FM translators which rebroadcast the HD subchannels of a full-service FM station, especially when the programming on the HD subchannel is not under direct control of the full-service FM licensee would normally not meet our criteria for community need. In these cases, the FM translator simply acts as a "crutch" as a direct result of the consumer electronics industry, the broadcast industry, Xperi and its predecessors to properly market HD Radio to consumers and to provide equipment for FM stations in a reasonable manner to construct and operate the service. While Xperi has made some favorable concessions for noncommercial broadcasters, the equipment remains cost prohibitive for many stations. REC sees HD Radio as the best method of expanding the number of choices and voices available on the air, however, the experience requires action on the part of the stations and consumers to embrace the technology.
FM Booster Stations
FM booster stations are normally very tightly engineered FM transmitters that operate on the same channel as their primary station and are intended to fill in gaps in coverage due to intervening terrain and other factors. Booster stations are normally placed in order to serve "dead zone" areas and in a way that prevents self interference to its primary station. Community need is met where it can be shown that within the service area of the FM booster, that at least 40 percent of the population of that area does not receive a minimum 54 dB field strength signal from the primary station based on terrain-based propagation models with a receive antenna at 2 meters above ground level.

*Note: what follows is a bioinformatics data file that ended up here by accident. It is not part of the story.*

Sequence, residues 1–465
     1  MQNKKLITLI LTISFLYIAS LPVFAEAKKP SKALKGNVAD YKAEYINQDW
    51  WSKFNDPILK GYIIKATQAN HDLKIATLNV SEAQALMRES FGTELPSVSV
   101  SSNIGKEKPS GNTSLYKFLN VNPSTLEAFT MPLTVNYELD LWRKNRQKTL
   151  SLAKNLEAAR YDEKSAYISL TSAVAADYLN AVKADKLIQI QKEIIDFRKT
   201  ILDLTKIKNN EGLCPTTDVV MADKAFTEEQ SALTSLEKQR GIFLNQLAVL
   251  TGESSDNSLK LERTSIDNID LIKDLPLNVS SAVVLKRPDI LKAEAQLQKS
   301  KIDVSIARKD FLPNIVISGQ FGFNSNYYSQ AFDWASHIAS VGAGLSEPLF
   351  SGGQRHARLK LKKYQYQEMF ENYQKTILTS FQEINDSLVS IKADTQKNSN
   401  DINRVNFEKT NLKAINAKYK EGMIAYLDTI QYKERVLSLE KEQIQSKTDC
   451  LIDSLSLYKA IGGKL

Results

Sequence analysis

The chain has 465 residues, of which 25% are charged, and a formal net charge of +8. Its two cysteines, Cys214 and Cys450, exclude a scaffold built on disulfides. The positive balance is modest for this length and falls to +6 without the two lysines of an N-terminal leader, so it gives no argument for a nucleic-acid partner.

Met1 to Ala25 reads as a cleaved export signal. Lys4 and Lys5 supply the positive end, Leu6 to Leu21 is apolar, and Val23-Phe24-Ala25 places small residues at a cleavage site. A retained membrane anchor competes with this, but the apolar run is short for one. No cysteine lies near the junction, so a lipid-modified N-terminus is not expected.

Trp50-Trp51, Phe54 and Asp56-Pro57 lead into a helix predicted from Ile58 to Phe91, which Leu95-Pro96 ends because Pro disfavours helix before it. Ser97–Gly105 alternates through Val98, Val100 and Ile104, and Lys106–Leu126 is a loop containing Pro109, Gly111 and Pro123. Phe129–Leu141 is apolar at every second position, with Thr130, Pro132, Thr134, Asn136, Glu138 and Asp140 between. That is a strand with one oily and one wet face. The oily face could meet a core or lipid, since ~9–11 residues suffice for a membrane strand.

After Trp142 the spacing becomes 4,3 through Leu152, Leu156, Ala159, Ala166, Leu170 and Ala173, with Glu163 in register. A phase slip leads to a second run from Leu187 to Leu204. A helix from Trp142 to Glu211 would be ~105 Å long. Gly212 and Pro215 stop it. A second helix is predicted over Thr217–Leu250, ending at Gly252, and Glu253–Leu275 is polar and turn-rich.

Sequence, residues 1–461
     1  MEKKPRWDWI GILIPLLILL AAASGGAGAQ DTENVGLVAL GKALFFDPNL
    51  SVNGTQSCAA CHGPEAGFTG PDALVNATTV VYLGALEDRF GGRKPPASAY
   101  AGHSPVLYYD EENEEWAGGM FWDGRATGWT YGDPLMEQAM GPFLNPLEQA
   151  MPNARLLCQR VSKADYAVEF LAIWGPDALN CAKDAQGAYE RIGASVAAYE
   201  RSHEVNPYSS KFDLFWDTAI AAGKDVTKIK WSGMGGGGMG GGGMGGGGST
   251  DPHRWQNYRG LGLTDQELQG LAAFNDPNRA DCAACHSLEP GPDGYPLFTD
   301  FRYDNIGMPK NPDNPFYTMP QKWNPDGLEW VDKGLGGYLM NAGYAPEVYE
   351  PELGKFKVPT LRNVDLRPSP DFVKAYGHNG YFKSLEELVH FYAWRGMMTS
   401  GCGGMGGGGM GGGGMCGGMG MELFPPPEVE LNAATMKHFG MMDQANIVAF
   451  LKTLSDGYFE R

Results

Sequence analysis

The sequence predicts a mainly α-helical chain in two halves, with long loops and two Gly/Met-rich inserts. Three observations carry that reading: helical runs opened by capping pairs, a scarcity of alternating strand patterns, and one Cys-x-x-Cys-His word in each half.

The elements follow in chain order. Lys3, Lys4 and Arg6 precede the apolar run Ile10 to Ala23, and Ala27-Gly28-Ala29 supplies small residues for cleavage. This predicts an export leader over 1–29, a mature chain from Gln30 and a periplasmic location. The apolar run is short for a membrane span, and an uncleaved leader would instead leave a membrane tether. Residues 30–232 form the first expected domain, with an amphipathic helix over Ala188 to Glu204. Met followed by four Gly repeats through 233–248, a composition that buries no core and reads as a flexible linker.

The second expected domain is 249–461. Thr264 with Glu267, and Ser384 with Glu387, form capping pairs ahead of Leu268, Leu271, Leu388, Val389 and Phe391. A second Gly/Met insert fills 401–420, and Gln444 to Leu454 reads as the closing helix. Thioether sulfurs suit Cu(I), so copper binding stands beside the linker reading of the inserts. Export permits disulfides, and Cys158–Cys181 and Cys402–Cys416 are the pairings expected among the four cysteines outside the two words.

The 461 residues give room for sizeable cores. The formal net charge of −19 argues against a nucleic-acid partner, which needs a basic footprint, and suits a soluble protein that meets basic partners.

FM boosters that are placed in areas where at least 40 percent of the listeners receive at least an actual 54 dB field strength of the primary station, especially where the booster is intended to provide geo-targeted "advertising" represents more of a "station want" than a community need.
Excessive use of FM boosters can preclude the operation of other secondary services including LPFM and FM translators, especially since FM boosters are not required to protect other secondary services on co-channel.
As we move forward, we need to continue to remind the FCC that Section 5 applies to all new secondary FM facilities. This includes activities related to an upcoming LPFM window, subsequent FM translator windows and the ongoing licensing of new FM booster stations. LCRA Section 5 did not die after the previous LPFM window. It is still very alive and well and must be properly enforced going forward.